How could the Jewish leadership have been so blind as to not see where Jesus’ parable was heading? Sure, Isaiah was referring to bad fruit, and Jesus was referring to bad management, but the similarities are amazing in the set up of the parable. Isaiah provided the very theological framework defining the nation of Israel, that Jesus used in this parable. How could they have been so blind?
The message for the first century audience? Run! Run as fast as you can from the trust you may have in the leadership of the nation of Israel. RUN!
Trusting in the national status of Israel as God’s display of His kingdom was coming to an end. Babylon took them out over 500 years ago, and the utter final destruction of the theocratic nation of Israel, as we will learn of in future parables is within a generation. The management (leadership) has a track record of actively working against God, killing God’s servants and now conspiring against the Son of the landowner. Jesus again prophecies of his own death at the hands of the Jewish leadership, even to the detail of His death being outside of the vineyard!
The Jewish leadership/tenants defined their own destruction in their response to Jesus.
Two Stone Passages
Jesus concludes His parable with the very Scriptures the Jewish leadership claim to trust! Two stone passages, centered on the Lord Jesus.
The first passage, Psalm 118:22, the Messiah is depicted as the corner stone for an edifice, a building that God is building, but that is rejected (not ignored) by the tenants. The most important stone of the entire construction! Thrown away by the builders. Utter foolishness, or better said – utter rebellion!
The next “stone” passage refers back to Daniels dream of the great statue of Nebuchadnezzar. The stone (Messiah) would destroy the kingdoms and become a great mountain, filling the entire earth. Daniel 2:44 is instructive
And in the days of those kings the God of heaven will set up a kingdom that shall never be destroyed, nor shall the kingdom be left to another people. It shall break in pieces all these kingdoms and bring them to an end, and it shall stand forever, – Dan 2:44 ESV
The everlasting kingdom (that shall never be destroyed) will be established out of the destruction of the existing national kingdoms the Stone destroys. Being everlasting, this kingdom will stand forever and not be left to another people. The kingdom set up will be the final kingdom. Previous kingdoms will be destroyed. Jesus is clearly including Israel with those kingdoms, when he concludes
43 Therefore I tell you, the kingdom of God will be taken away from you and given to a people producing its fruits.
Like the Master said earlier – It (the everlasting kingdom) shall break in pieces all those kingdoms, bringing them to an end. But what of an individual application to this tectonic prophecy concerning a nation?
And the one who falls on this stone will be broken to pieces; and when it falls on anyone, it will crush him. Matthew 21:44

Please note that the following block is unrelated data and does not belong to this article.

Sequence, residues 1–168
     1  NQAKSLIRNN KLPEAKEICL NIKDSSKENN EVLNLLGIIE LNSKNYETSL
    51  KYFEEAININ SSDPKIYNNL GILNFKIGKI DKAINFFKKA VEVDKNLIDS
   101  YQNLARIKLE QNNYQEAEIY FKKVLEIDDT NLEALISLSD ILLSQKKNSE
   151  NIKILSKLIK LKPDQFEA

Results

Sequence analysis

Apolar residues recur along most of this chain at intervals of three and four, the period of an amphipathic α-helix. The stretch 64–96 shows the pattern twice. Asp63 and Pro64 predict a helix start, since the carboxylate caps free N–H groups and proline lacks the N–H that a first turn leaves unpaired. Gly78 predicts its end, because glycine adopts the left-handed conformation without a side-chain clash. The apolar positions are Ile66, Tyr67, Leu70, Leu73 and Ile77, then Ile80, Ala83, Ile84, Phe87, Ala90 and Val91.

The Stone falls on You
The text states it will crush whoever it falls on. If any of you are reading along with me in my Psalms for Psome series, (See Psalms for Psome – Ps 35 – B) we discussed the wicked as chaff. The same general picture is provided here.
When Jesus is giving this truth, the Greek word He uses for crushing (likmaō) also refers to grinding to powder, to a chaff. This image is of a grinding stone in a mill, cleansing away the chaff from the grain by winnowing. Not only a crushing, as if that is not dire as it is, but the subsequent casting to the wind, allowing the wind to carry the waste away.
Why would anyone let the Stone fall on them?
You Fall on the Stone
To fall (piptō) upon the Stone has many uses in the New Testament, but a few are instructive.
To fall upon the Stone can simply mean to fall prostrate. To agree with His authority over your life, to relinquish your own lordship and follow after Him. Many in Israel were looking to the Messiah, and more would come. Many, many more would fall upon the Stone.
One other use of (piptō) is to describe the decent from a state of prosperity, or to lose authority, to no longer have force. Is this not striking at the very heart of the Jewish leaderships core sin? They would not bow to the authority of John the Baptist, and they are heading to greater sin by rejecting the Source of all authority.
What is the message for us today?
The message is the same for us as it was for the individuals hearing the message two millennium ago. You have a choice to allow the Stone to fall on you, or to fall on the Stone!
Which will it be? There is no other option. He has not provided any other option to choose, and don’t deceive yourself that you have any special status before Him through works, beliefs or bloodlines. He has not made that available!
He is the only One we are to trust.
Thanks again for coming to visit. I hope you found something of interest in this post and would appreciate a comment, to begin a discussion.